Breathe in. Then breathe out. It’s an easy way to become aware of your body, more focused on the mundane. And if you breathe in and breathe out after eating a habenero-laced dish, you’re probably aware of every cell in your mouth, and focused on every nook and cranny of your sinuses.
I first learned to appreciate spicy dishes while studying abroad in Ghana. At first, it was hard to take the intense heat that lurked in everything from Jollof rice to okra stew. But eventually I got to like it—especially the ubiquitous sauce known as pepe (“pep-ay”) that whirled what we call Jamaican peppers, onions, garlic, ginger, and tomatoes into an addictively tasty condiment. Later, while I was working at a farm in Mexico, one of my hosts explained how she swore by chilies and used to belong to a spicy food club back when she lived in the States. She says that chilies cured her ulcer, and she now uses ground dried habaneros in lieu of black pepper at the table. (She insists that this hottest of chilies actually has a pleasant flavor, describing it as a “hot apricot”).
For a few years now, I’ve appreciated the flavors and experiences that come with using hot peppers. I have learned to love the rush of awareness that comes with a chili-enhanced bite, and the heat that lingers. But it was only recently that I noticed the parallel with something else that delivers a rush of awareness—the High Holidays!
Ok, so the most revered Jewish holidays may be a little different from a bowl of jalapeno-heavy gazpacho, but Rosh Hashanah and Yom Kippur do make me aware of myself in a similar way. During Rosh Hashanah, Yom Kippur, and the days of Teshuvah in between, I’m particularly aware of my body, mind, and actions. My regular hustle between work, school, friends, family, and life in general changes. I fast, I contemplate, I make amends and make plans for the year to come.
Why not try it? A spark of capsicum may be just the thing to boost your awareness of the concrete and the spiritual. (And it doesn’t hurt that chilies have been found to fight cancer and ward off food-borne pathogens).
To find fresh chilies: check out your local farmer’s market or your CSA share during this time of year. If you’re lucky, you’ll have a range of options, from (on the mild side) traffic light-green jalapenos and deep moss-colored poblanos to (on the downright wicked side) Scotch Bonnets and habaneros in the colors of a stormy sunset.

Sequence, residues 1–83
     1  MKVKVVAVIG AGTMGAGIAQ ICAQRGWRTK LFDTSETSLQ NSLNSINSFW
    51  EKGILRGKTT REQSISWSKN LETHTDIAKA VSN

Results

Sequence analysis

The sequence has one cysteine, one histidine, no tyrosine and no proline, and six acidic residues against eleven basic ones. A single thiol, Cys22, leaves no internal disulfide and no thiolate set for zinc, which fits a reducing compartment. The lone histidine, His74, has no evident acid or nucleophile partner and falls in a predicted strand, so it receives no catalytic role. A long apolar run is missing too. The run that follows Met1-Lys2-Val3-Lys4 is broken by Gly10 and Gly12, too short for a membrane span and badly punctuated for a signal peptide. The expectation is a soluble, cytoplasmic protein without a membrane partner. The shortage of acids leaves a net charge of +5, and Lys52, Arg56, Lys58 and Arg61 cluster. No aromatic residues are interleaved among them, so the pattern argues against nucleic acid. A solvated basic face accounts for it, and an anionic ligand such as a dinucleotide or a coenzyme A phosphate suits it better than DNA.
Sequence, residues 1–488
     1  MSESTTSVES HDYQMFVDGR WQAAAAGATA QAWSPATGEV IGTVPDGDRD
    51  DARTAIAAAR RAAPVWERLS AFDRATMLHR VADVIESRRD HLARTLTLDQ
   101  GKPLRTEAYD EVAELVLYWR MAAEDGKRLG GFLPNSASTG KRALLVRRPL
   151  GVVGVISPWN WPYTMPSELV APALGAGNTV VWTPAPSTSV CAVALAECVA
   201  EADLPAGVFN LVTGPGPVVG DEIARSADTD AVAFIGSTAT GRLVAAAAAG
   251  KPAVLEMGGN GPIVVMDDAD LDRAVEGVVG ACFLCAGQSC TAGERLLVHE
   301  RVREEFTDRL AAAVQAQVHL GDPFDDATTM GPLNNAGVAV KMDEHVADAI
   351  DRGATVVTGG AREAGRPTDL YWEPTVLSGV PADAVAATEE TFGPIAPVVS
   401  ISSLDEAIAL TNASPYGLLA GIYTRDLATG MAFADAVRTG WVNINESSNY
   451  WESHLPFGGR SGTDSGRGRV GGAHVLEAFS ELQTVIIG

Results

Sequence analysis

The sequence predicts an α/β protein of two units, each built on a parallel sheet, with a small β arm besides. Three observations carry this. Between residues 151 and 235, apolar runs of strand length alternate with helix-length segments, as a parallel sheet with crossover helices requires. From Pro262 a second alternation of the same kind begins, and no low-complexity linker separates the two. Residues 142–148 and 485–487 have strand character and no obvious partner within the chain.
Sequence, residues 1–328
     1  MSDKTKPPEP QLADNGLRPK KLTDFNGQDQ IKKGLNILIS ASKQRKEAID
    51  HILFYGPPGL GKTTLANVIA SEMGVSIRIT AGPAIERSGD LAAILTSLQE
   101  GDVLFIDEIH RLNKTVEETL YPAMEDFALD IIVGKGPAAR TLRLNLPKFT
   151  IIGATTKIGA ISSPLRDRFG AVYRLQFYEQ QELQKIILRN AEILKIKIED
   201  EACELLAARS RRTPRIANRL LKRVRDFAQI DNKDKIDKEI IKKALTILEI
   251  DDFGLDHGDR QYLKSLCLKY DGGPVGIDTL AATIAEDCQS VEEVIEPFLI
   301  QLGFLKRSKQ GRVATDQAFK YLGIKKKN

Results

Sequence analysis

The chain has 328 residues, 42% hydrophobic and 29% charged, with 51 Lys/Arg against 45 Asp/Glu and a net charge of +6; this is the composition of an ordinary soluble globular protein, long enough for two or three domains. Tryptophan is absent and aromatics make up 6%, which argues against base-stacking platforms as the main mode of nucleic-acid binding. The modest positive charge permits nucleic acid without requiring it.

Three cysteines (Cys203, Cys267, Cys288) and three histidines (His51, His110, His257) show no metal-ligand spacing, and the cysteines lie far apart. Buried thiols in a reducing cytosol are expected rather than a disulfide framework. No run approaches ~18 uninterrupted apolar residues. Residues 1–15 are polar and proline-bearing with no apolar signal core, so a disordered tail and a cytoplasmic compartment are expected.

Whatever you choose, hot peppers are an easy and delicious addition to your Rosh Hashanah lunch or Yom Kippur break-fast. Just be sure to flag the spicy dishes for guests who want to start with something a little more bland! Here are a few ideas:
Sassy Tomato Sauce Adapted from Epicurious. Romas (aka plum tomatoes) work best for sauce, but any kind of tomatoes you come across this fall (or high quality canned tomatoes) will work. Use this sauce to make shakshuka for your Rosh Hashanah guests. The sauce keeps well in the fridge thanks to the peppers’ antimicrobial properties, and of course stays fresh even longer in the freezer. You can make a big batch of this, then freeze in glass jars (leave plenty of headroom!) to use through the winter.
3 Tbs. olive oil
1 medium onion, chopped
6 cloves garlic, minced
1-2 fresh red cayenne peppers, with or without seeds removed, depending on how spicy you want your sauce, diced (wear a plastic bag or latex glove over the hand that will come in contact with the pepper)
3 tsp. dried herbs (mix and match oregano, basil, rosemary, marjoram or others)
2 lbs plum/Roma tomatoes (about 16 tomatoes), washed and tops cut off or scooped out with a tomato shark. You can also use 2 28-ounce cans canned tomatoes.
1 15-oz can crushed or diced fire-roasted tomatoes
1/2 cup dry red wine (optional)
Salt to taste
Skin the tomatoes by blanching them in boiling water for a minute or so, until the skin bursts. Remove from the water and, when cool enough to handle, remove the skins. Then chop the tomatoes, discarding the seeds and juice that will run off onto your cutting board.
Heat olive oil on medium in a large saucepan with a heavy bottom. Sauté onions until translucent, then add garlic and Serranos and sauté until the garlic is fragrant. Add the remaining ingredients. Simmer, partially covered, for 20 minutes to 1 hour, depending on how much time you have and how thick you want your sauce!
Apple-Habanero Jelly or Fruit Butter With thanks to Amaranth Rose. Spread this on a slice of honey cake for a sweet kick start to the new year.
16- or 20-ounce jar of store-bought or homemade apple jelly, apple butter, or pear butter 1 habanero pepper, seeds and pith/placenta removed (wear a plastic bag or latex glove over the hand that will come in contact with the pepper)
In a blender or food processor, combine the jelly or butter with the pepper and blend thoroughly. Pack back in the jar.
This is an easy soup course or palate-cleanser. The flecks of green against the orange make for a lovely presentation.
1 medium cantaloupe, seeded, rind removed, and cut into chunks
1 cup seltzer
1 Tbs. lemon juice
1-2 jalapenos, seeded and finely diced (you may want to wear a plastic bag or latex glove over the hand that will come in contact with the pepper)
In a blender or food processor, combine cantaloupe, seltzer, and lemon juice. Puree, then transfer to serving bowl or individual bowls. Sprinkle with the diced jalapeno.
Yid.Dish: Chili Peppers on Rosh Hashanah